Although you can grow a new lawn from laying sod or inserting plugs of grass sprigs, seeding remains a more economical method of growing grass. A successfully seeded lawn starts with the appropriate preparation of the seed bed. Provide the seeds with the growing environment they need for fast, vigorous growth to form a lush, green yard.
Spray the seeding area with a systemic glyphosate-based herbicide. This ensures complete removal of any vegetation that may compete with the lawn seed. After the existing vegetation has died, dig it out.
Break up the soil to a depth of 6 to 8 inches with a spade or rototiller. Work the soil until it has a fine particle consistency. Large clumps of dirt will impede lawn seed germination.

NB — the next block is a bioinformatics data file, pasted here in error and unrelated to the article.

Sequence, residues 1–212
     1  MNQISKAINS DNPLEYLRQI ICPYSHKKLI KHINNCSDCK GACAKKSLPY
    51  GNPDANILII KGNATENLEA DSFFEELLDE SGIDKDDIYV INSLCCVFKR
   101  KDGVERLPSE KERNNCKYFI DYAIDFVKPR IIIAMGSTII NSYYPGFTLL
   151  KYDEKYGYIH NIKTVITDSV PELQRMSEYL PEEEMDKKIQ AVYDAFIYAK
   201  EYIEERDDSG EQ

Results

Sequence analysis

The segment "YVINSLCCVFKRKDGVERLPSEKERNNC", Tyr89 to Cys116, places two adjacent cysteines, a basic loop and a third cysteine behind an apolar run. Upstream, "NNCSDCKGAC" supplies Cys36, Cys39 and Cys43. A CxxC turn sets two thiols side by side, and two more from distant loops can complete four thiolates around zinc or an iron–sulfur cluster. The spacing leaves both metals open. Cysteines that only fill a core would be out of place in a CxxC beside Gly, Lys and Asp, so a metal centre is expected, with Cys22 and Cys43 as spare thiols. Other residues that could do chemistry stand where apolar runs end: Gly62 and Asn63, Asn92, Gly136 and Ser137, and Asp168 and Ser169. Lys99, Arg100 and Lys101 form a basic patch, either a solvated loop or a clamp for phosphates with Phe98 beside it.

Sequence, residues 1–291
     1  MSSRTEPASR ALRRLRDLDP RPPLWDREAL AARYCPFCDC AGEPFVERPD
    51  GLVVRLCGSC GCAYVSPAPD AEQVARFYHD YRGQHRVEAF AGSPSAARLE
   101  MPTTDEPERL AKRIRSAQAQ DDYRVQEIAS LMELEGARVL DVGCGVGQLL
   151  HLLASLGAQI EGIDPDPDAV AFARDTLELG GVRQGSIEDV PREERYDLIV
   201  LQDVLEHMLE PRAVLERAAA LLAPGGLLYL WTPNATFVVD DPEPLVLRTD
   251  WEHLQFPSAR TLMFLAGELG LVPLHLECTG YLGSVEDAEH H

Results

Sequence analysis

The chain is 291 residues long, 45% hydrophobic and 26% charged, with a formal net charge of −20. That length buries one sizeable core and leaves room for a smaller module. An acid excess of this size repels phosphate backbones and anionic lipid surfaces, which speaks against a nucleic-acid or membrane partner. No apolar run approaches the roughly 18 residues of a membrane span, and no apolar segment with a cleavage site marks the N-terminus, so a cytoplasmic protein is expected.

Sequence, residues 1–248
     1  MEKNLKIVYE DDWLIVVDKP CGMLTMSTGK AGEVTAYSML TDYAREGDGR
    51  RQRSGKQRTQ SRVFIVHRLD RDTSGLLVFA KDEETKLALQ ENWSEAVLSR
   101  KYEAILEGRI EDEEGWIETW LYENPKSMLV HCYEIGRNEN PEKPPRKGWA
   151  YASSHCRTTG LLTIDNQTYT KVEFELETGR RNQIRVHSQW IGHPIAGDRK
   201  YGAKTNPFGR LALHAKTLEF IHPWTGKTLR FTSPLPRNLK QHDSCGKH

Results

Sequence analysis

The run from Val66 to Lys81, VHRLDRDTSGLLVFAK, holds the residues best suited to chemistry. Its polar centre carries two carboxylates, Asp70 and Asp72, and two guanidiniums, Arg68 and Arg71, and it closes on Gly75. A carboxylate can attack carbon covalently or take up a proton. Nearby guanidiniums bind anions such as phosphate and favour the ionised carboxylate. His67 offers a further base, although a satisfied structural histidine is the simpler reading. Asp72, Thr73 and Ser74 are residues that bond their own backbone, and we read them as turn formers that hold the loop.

Test the soil pH with a testing kit available from some garden stores. For optimal lawn seed establishment, the pH should be slightly acidic and between 6.0 and 7.0. Contact your regional cooperative extension office to find what pH-adjusting amendments--such as lime, sulfates and phosphates--are used in your area to raise or lower the pH.
Mix 4 inches of compost, peat moss or aged manure into the top 6 inches of the soil. This ensures proper moisture retention and aeration, and helps improve the drainage of poor soils such as clay dirt.
Fertilize the seed bed with a seed-starter fertilizer. Use approximately 7 pounds of a 16-22-8 lawn fertilizer for every 50 square feet of lawn. Mix this fertilizer into the top 4 inches of dirt.